• International Journal of Mechanical Engineering and Technology (IJMET), ISSN 0976 –6340(Print), ISSN 0976 – 6359(Online) Volume 4, Issue 2, March - April (2013) © IAEME3023. SUPPLY CHAIN MANAGEMENT – KEY FACTORS3.1 Inbound and outbound logisticsAll components/parts and products within the supply chain have to be delivered tofactories, distributors, and customers. However, the choice of the transport mode (air, sea, orland) affects all other areas of SCM, such as warehousing, production, packaging, planning,location (of suppliers, manufacturing, and customers), inventory control, and informationmanagement [1]. Therefore, factors, such as transit time, reliability, accessibility, security,impact on inventory, product degradation or obsolescence, trace-ability, and so on areimportant.Once the carrier is selected, computer models are used to optimize routing. Theprevious studies have shown that the overall effectiveness of the shipping function is a majorway to reduce costs [2]. More recently, managing the reverse flow of products has become animportant ability. Reverse Logistics is the management of the reverse flow of products. Thisincludes customer dissatisfaction with the product or at the end of the product life cycle,when the product is returned for recycling. This concept of reverse logistics has become animportant strategic advantage for companies, and is driven by losses from customerdissatisfaction returns, or the cost and challenges of recycling. Both activities, if managedwell, have great potential to augment customer satisfaction.3.2 Planning: Sales and production planning (collaborative planning and generatingdemand)All manufacturing or supply of services starts with a forecast of demand. However,the major problem with forecasting is the errors associated with it, which can significantlyincrease the business losses (if forecast is low) or high inventories (if forecast is too high).Forecast errors lead to the “bullwhip” effect and can cause excessive inventories, poorcustomer service, lost revenues, misguided capacity plans, and missed production schedules[3]. Furthermore, suppliers often push products to market, but more recently the retailers areinterested in stocking only what the consumer will buy. The probable solution to the“bullwhip” effect is supply chain collaboration – an activity requiring two or more companiesto share the responsibility of exchanging common planning, management, execution, andperformance measurement information [4]. Typically, the process is to get data from POS(point of sales) systems, which is sent back to the warehouse or manufacturer, who arrangesfor quick replenishment [3], [5]. Consequently, production volumes and subsequent sales toretailers are based on sell-through information, planned promotions, and seasonal forecastsusing statistical models. The sell-through data are used to replenish products at a retailerthrough a process called continuous replenishment. Hence, if a company has the ability tounderstand real-time market demand and respond quickly, it is possible to manufacture onlywhat sells in the market [3]. This continuous replenishment process, or the synchronizedsupply chain as it is often called, has spread from the Supermarket sector to the automobileindustry, but barriers remain including lack of scalability and critical mass, managingexceptions, and managing promotions [6]. Apart from the above mentioned hurdles in theimplementation of continuous replenishment approach, the human resource and technologyrelated aspects would also contribute in its lesser utilization.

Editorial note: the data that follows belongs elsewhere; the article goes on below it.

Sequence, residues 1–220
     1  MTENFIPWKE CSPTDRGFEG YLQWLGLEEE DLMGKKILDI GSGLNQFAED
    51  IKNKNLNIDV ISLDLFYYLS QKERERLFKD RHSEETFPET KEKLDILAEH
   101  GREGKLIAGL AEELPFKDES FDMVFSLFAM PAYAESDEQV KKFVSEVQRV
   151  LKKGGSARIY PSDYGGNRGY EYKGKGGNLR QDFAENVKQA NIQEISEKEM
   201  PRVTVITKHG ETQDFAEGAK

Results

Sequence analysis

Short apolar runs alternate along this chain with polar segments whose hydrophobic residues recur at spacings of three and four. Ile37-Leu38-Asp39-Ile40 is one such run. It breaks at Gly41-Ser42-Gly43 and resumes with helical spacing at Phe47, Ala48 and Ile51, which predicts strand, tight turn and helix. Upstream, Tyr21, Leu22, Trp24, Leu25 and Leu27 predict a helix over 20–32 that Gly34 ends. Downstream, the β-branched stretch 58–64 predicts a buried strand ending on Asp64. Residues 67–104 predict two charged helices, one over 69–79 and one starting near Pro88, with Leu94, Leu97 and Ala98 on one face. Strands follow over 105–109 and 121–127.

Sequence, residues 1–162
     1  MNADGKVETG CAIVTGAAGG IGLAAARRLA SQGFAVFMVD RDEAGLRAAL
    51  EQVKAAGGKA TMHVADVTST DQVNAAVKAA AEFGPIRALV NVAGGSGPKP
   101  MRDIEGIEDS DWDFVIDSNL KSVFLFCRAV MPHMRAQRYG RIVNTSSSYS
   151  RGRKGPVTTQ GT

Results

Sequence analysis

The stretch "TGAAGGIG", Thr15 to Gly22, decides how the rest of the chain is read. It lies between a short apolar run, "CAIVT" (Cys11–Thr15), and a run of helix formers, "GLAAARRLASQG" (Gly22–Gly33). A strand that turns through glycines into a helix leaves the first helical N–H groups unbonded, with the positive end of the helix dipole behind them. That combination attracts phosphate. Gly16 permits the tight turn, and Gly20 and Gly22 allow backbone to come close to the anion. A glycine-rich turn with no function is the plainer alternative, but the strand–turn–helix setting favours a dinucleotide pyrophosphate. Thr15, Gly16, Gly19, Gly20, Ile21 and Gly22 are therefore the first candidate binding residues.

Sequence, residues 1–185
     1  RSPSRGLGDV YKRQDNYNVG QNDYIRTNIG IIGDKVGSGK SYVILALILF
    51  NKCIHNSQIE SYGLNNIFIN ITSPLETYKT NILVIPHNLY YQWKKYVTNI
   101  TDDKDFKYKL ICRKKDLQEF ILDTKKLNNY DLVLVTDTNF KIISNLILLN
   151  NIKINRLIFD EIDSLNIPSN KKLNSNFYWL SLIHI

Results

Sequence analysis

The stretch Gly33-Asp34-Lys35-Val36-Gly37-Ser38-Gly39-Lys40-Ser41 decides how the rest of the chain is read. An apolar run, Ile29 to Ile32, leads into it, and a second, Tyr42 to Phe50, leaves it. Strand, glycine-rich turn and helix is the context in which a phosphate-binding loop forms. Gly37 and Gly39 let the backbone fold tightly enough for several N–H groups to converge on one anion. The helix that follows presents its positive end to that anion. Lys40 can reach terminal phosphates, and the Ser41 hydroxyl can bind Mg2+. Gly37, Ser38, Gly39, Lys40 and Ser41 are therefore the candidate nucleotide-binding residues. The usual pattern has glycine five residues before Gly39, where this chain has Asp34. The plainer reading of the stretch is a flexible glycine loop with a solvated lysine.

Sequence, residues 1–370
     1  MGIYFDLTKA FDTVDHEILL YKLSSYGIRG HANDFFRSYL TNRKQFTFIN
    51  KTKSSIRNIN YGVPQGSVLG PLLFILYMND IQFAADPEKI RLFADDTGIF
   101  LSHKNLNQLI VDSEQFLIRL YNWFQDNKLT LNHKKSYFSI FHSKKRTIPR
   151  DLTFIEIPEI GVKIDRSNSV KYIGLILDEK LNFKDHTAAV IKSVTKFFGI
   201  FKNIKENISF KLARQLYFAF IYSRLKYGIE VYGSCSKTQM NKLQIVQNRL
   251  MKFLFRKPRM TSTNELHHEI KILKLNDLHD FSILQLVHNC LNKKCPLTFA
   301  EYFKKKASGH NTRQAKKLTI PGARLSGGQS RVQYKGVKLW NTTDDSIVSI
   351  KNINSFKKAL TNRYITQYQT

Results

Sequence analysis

• International Journal of Mechanical Engineering and Technology (IJMET), ISSN 0976 –6340(Print), ISSN 0976 – 6359(Online) Volume 4, Issue 2, March - April (2013) © IAEME3033.3 Purchasing, strategic sourcing, vendor management, collaboration and bidding viathe supply chainWith accurate dynamic forecasts made from customer demand and promotions, thecorrect raw material inventory can be stocked. Furthermore, purchasing becomes a strategicfunction – hence strategic sourcing needs to be initiated to reorganize the company’s supplybase for materials and services, in order to reduce external expenditures and internalprocessing costs [7]. Aggressive companies have partnered with suppliers to reduce thenumber of suppliers by 40% to 85% [5],[7]. This supplier reduction approach also reducesinternal processing costs as larger orders go to fewer suppliers. In addition, aggressivecompanies review their supplier’s cost structure and technical capabilities in order to selectthe best supplier. They also set up internal supply management teams to manage the supplyprocess [8]. These initiatives result in higher volumes with better prices and quality from theshort-listed suppliers [8].Inventory ManagementHistorically, there is a strong emphasis on asset management via lower inventoriesand warehouse space. Companies recognize that product inventories are expensive to hold.Therefore many companies have implemented just-in-time (JIT) deliveries of parts, amethodology initially implemented by Toyota Motor Company [9]. Some companies havebeen more aggressive and have implemented vendor-managed inventory (VMI). For exampleApple Computer Inc. has set up a partnering deal with suppliers. A supplier keeps inventoryin the warehouse on consignment and moves it to the factory on demand – only then is itconsidered sold [10].Moreover, inventory occupies warehouse space, which is costly – therefore there is a drive toreduce multiple warehouses. Hence, regional distribution centers (RDCs), instead of awarehouse in every big city, have become popular [1]. For example, Philips has reduced itswarehouses for consumer products from 22 to 4 in Europe [11]. However, the location ofRDCs is very critical and decides whether the company can minimize the costs. Furthermore,the RDCs are often responsible for longer delivery cycles, but this effect can be compensatedwith supply chain programs like continuous replenishment. The next step in inventorymanagement is development of a centralized information system, to facilitate distribution ofgoods across and within regions. The information systems are critical in providing the vitalavailability information and create a virtual inventory that is accessible to all involved parties[12].Manufacturing techniques, mass customization of products, and outsourcingJapanese companies led by the automobile industry have implemented leanmanufacturing techniques, for example kanban manufacturing and just in time (JIT) deliveryof parts. These manufacturing techniques are responsible for lower inventories, betterdeliveries, and lower costs compared to other competitors [13]. Another approach to lowercosts is outsourcing of manufacturing and manufacturing closer to the customers and largemarkets. The primary reason for this is that in every industry customers expect greatercustomization of products and services to meet their individual needs [14,15]. To meet theseneeds, companies are pursuing a supply chain compression strategy [14]. Some of thestrategies pursued by companies are [14, 16]